It remained in this position until the morning of the 19th.

September 26 -October 29 At Hagerstown, Md.
September 27 Major Seaver was promoted to lieutenant colonel.
October 17 Colonel Whiting took command of the brigade.
October 29-November 19 Movement to Falmouth, Va.
December 12-15
Battle of Fredericksburg
1863
January 15 Colonel Hyde resigned, having been ordered before a court martial on charges of cowardice at the Battle of Fredericksburg. Lt. Colonel Seaver was promoted to colonel.
January 20-24 Burnside’s Second Campaign, “Mud March”
April 27-May 6 Chancellorsville Campaign
April 29-May 2 Operations at Franklin’s Crossing
May 3
Maryes Heights, Fredericksburg
May 3-4
Salem Heights

Lieutenant Ronald A. Kennedy of Company I was wounded by a shell in his left side.

May 4
Banks’ Ford
June 5-13 Franklin’s Crossing
July 2-4
Battle of Gettysburg

Commanded by Colonel Thomas O. Seaver. It brought 428 men to the field and had no casualties.

From the Vermont Brigade monument on the Gettysburg battlefield:

Reaching this field by a forced march of thirty two miles in the evening of July 2, the brigade took position on the left Union flank near this point in anticipation of an attack by the enemy and held the same July 3d and 4th.

July 10-13 Funkstown, Md.
August 14 Ordered to New York City
September 13-17 Moved to Alexandria, thence to Fairfax Court House
September 22 To Culpeper Court House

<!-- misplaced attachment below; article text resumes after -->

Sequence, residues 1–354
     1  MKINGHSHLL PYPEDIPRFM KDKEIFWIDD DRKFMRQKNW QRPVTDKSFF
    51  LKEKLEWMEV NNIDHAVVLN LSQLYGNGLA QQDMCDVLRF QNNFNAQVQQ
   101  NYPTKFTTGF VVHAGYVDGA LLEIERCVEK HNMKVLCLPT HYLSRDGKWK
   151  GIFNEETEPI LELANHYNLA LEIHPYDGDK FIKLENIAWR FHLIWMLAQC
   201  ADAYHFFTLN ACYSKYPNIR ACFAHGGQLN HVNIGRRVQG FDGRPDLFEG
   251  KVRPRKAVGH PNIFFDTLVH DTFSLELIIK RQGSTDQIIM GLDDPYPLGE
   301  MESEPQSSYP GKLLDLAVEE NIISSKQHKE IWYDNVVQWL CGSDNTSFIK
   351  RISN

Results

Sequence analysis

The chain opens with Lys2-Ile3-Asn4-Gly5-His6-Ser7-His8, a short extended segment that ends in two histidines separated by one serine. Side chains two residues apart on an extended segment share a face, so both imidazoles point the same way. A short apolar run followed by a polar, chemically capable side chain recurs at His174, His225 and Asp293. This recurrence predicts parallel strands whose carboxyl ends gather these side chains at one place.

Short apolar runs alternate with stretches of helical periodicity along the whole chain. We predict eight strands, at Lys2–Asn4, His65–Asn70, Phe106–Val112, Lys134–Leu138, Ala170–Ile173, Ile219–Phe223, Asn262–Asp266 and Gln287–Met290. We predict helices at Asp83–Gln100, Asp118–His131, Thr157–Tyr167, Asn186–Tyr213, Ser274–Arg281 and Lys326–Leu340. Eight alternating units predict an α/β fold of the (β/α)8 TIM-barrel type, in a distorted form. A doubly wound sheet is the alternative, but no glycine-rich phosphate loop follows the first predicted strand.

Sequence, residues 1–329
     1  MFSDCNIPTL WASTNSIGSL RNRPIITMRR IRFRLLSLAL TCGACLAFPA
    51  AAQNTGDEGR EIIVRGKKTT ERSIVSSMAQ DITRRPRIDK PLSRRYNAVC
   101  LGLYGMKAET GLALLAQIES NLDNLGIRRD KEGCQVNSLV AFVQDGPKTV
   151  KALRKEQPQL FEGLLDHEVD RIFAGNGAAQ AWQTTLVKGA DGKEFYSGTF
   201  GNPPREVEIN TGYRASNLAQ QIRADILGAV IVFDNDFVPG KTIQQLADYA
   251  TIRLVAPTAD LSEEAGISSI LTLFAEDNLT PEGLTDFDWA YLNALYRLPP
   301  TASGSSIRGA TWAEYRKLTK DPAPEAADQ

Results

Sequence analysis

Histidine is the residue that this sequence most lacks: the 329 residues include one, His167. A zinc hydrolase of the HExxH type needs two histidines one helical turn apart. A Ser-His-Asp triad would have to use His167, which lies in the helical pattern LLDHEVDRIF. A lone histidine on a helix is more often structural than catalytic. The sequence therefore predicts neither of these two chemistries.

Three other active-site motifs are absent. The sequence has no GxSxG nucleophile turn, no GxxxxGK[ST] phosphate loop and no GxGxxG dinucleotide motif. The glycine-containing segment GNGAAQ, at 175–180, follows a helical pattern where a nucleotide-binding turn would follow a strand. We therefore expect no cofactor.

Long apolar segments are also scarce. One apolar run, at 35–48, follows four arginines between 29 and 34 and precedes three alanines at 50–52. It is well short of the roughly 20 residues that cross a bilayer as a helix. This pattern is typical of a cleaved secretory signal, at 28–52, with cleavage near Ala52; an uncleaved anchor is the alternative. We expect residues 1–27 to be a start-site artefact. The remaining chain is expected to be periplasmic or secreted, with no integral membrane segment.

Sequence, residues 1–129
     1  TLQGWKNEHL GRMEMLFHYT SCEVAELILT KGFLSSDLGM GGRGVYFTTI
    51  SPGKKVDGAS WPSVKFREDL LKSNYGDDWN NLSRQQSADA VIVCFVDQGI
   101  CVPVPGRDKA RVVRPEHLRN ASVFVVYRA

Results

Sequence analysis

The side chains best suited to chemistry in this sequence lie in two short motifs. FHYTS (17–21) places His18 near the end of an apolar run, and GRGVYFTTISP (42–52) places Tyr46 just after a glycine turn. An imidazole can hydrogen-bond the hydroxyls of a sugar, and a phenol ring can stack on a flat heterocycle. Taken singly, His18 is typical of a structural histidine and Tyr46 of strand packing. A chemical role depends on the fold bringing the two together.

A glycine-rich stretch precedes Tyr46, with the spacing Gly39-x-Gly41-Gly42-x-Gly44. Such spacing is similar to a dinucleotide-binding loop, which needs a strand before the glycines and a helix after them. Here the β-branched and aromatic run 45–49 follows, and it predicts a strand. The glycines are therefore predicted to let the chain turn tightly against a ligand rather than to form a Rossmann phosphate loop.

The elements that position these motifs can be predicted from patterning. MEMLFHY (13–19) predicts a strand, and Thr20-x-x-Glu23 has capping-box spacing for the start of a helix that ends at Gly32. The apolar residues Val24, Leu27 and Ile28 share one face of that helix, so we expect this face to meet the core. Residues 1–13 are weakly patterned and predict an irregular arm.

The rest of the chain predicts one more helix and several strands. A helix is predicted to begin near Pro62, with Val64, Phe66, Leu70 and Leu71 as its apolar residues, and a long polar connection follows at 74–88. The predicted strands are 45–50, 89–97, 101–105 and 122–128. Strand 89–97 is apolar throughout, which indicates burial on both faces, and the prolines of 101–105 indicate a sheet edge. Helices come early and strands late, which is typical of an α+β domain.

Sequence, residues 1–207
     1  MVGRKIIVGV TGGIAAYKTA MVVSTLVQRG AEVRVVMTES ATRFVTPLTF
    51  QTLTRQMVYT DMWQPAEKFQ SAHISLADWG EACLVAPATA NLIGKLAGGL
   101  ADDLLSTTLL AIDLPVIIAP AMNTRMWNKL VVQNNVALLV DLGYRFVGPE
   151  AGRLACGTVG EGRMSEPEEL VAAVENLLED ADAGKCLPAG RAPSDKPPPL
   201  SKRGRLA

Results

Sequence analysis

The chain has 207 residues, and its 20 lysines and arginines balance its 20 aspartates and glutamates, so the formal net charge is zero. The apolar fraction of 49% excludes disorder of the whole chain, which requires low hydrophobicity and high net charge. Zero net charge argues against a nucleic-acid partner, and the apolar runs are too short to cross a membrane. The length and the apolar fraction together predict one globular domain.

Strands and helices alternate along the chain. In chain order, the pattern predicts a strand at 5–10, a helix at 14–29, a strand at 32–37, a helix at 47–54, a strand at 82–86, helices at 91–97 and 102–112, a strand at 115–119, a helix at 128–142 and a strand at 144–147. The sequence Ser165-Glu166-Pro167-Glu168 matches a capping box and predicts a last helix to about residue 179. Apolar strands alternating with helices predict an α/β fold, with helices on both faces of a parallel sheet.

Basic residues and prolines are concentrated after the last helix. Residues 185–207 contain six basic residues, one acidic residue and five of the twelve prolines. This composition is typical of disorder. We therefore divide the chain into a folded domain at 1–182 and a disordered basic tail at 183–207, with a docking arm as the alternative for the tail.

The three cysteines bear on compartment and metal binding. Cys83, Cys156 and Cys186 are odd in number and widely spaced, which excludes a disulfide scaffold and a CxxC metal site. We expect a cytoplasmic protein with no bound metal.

October 9-22 Bristoe Campaign
November 7-8 Advance to the Rappahannock
November 7 Rappahannock Station
November 26-December 2
Mine Run Campaign

Colonel Seaver took temporary command of the brigade until February

1864
May-June Campaign from the Rapidan to the James
May 5-7
Battle of the Wilderness
May 8-12
Spotsylvania Court House
May 10
Assault at Spotsylvania Court House

Colonel Seaver was awarded the Medal of Honor for “At the head of three regiments and under a most galling fire, attacked and occupied the enemy’s works.”

May 12
Assault on the Salient, Spottsylvania Court House

Captain Horace W. Floyd of Company C was wounded in the hand.

May 23-26 North Anna River
May 26-28 Line of the Pamunkey
May 28-31 Totopotomoy
June 1-12
Cold Harbor
June 18-19 Before Petersburg
June 22-23 Jerusalem Plank Road
June 24 – July 9 Siege of Petersburg
July 9-11 Moved to Washington, D.C.
July 11-12 Repulse of Early’s attack on Fort Stevens
July 27 Nonveterans mustered out, including Colonel Seaver.
August 4 Captain Horace W. Floyd was promoted to major.
August 7-November 28 Sheridan’s Shenandoah Valley Campaign
August 21-22 Near Charlestown
September 1 Opequan Creek
September 13 Gilbert’s Ford, Opequan Creek
September 19
Third Battle of Winchester (Opequan)
September 22
Fisher’s Hill
October 18 Major Floyd was promoted to lieutenant colonel.
October 19
Battle of Cedar Creek

Lieutenant Colonel Floyd was breveted colonel for gallantry.

October At Strasburg
November 9 At Kernstown
December 9-12 Moved to Petersburg, Va.
December 13 Siege of Petersburg
1865
March 25 Fort Fisher, before Petersburg
March 28-April 9 Appomattox Campaign
April 2 Assault on and fall of Petersburg
April 6 Sailor’s Creek
April 9
Appomattox Court House

Surrender of Lee and his army.

April 10 – 23 At Farmville and Burkesville Junction
April 23-27 March to Danville
May 18 Moved to Manchester
May 24-June 2 Marched to Washington, D.C.
June 4 Brevet Colonel Horace W. Floyd was promoted to colonel.
June 8 Corps Review
July 11 Mustered out